Paper Plate Education
Activity: Paper Moons III
The following text was written as part of a series of in-planetarium lesson plans. Used with permission.
5. MOON PHASES. Four yellow or white paper plates, scissors, marker: Show the moon as a waxing crescent in the evening sky with enough light to see plates, markers, and scissors. "Mark a plate at a point on the rim. Make another point opposite that. With the two marks as end places, cut out a paper plate to look like the shape of the moon that you see. Save the piece you cut off. Notice the dark mark. Color your moon shape to look like the moon you see. You have made a model of the waxing crescent moon. "Show each of seven other main phases. Participants mark opposite places and cut a plate in half for first quarter. They find that the scrap piece from the waxing crescent can be used for the waxing gibbous. An entire plate is like the full moon. The waning gibbous must be cut from the fourth, marked plate. The last quarter is the scrap from the cut of first quarter. And the waning crescent is the scrap from the cut of waning gibbous. Participants color each moon phase as it looks. Give them a handout of phase names with sketches of the shapes. "Take your shapes home and put the right label on each shape." With a model of the moon, earth and sun, show the reasons for having moon phases.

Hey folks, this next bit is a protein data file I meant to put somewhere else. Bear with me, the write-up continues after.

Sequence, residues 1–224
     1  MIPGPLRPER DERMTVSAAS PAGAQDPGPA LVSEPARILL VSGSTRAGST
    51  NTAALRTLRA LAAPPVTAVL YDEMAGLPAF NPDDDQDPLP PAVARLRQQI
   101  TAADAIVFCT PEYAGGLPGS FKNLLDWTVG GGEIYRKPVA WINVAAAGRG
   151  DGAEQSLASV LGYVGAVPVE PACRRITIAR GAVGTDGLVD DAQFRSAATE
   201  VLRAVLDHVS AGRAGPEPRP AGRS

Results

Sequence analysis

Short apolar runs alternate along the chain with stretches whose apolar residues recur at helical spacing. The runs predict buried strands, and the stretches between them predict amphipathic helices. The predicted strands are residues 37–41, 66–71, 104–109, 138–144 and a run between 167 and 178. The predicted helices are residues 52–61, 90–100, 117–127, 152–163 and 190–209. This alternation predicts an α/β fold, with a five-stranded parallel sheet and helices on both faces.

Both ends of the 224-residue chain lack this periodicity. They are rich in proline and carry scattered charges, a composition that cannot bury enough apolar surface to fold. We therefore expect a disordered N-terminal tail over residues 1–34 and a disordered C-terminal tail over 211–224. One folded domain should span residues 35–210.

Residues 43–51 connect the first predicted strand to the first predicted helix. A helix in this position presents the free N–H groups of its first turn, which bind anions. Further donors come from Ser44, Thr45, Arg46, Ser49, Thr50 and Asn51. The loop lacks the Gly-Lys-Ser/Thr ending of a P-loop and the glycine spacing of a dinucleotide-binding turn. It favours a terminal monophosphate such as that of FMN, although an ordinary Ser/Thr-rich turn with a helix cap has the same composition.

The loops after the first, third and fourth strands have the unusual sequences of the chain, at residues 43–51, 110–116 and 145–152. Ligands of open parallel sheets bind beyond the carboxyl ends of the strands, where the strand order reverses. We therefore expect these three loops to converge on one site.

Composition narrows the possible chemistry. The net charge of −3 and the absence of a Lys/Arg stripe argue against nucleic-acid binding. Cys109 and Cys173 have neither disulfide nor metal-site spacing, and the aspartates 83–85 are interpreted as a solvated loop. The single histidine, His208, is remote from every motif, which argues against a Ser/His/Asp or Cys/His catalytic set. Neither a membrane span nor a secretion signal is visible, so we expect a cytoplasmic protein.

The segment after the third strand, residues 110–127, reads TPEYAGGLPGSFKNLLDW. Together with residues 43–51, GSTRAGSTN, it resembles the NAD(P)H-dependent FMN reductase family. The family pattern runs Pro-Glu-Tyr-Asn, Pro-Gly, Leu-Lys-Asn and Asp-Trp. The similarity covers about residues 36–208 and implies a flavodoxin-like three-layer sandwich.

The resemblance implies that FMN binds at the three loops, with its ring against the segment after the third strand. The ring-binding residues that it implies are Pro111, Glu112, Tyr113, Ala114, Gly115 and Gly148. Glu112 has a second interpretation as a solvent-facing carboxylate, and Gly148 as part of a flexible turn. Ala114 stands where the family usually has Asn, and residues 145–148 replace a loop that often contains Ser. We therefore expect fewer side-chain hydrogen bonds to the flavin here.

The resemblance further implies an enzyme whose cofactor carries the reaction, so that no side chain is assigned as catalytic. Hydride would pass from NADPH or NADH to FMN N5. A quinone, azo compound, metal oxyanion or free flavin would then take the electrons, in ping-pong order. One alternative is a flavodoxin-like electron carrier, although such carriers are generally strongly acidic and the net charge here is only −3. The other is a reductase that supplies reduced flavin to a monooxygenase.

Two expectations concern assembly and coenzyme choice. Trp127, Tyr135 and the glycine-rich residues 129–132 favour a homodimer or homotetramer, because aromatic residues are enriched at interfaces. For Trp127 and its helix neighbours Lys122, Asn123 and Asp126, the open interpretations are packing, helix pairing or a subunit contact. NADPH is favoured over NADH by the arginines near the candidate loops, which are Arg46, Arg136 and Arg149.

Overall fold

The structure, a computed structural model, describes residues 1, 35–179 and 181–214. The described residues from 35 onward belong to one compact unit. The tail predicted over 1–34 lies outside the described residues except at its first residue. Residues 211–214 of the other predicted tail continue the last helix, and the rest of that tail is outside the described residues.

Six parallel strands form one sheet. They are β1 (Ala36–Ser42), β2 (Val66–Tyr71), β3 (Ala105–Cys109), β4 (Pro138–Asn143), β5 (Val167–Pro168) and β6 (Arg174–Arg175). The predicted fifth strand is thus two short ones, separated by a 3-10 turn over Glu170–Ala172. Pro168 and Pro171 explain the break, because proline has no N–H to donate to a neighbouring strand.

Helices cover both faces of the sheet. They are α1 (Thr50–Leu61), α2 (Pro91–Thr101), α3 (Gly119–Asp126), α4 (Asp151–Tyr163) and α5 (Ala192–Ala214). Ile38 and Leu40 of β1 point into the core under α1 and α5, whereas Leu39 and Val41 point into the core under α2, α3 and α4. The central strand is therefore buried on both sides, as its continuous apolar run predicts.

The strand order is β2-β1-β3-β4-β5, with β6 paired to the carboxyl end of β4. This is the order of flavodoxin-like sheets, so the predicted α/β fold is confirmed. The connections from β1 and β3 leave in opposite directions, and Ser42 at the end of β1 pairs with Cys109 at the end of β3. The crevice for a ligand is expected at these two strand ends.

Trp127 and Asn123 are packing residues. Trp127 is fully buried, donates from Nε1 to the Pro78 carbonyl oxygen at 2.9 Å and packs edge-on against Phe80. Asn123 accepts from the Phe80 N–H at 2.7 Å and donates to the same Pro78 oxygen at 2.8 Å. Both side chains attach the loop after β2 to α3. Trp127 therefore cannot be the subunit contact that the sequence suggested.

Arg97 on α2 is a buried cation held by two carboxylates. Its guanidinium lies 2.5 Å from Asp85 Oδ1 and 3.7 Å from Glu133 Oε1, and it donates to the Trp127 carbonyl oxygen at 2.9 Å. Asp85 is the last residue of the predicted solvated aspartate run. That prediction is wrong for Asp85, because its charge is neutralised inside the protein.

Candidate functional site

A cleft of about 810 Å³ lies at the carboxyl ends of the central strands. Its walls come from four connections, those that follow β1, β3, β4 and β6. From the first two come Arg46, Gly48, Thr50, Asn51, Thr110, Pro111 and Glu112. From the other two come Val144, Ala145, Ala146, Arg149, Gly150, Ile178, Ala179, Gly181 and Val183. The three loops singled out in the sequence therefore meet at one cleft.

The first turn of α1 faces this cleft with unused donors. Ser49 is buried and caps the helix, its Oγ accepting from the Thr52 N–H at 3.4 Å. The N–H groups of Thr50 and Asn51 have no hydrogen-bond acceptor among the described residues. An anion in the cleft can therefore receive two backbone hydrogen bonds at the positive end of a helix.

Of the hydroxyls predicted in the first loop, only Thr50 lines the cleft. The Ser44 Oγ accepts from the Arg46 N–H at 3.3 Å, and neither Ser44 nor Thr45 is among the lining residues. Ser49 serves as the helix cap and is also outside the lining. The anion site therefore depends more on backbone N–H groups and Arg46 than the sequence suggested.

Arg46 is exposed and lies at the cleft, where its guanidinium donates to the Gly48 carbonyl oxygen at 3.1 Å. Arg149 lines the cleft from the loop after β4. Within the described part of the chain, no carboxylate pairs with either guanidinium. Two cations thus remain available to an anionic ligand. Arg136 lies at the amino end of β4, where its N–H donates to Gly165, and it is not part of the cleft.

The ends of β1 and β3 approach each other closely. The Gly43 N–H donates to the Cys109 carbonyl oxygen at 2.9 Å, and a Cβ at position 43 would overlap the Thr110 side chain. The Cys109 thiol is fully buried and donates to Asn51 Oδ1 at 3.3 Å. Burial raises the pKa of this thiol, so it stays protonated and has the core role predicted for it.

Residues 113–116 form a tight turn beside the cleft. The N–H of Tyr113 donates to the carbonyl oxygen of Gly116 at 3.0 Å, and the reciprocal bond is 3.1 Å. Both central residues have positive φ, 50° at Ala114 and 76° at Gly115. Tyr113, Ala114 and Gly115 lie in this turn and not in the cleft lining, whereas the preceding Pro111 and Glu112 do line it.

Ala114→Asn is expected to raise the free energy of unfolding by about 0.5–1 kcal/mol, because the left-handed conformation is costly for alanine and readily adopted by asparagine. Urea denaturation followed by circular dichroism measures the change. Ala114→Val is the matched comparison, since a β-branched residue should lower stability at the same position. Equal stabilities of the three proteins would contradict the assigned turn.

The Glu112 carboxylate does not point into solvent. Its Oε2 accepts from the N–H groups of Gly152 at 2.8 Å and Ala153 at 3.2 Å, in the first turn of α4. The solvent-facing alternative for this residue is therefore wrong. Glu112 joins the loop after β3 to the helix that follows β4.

Contributed by Jeanne Bishop.
GLPA Proceedings, 1993, p. 36.
Copyright ©2012 Chuck Bueter. All rights reserved.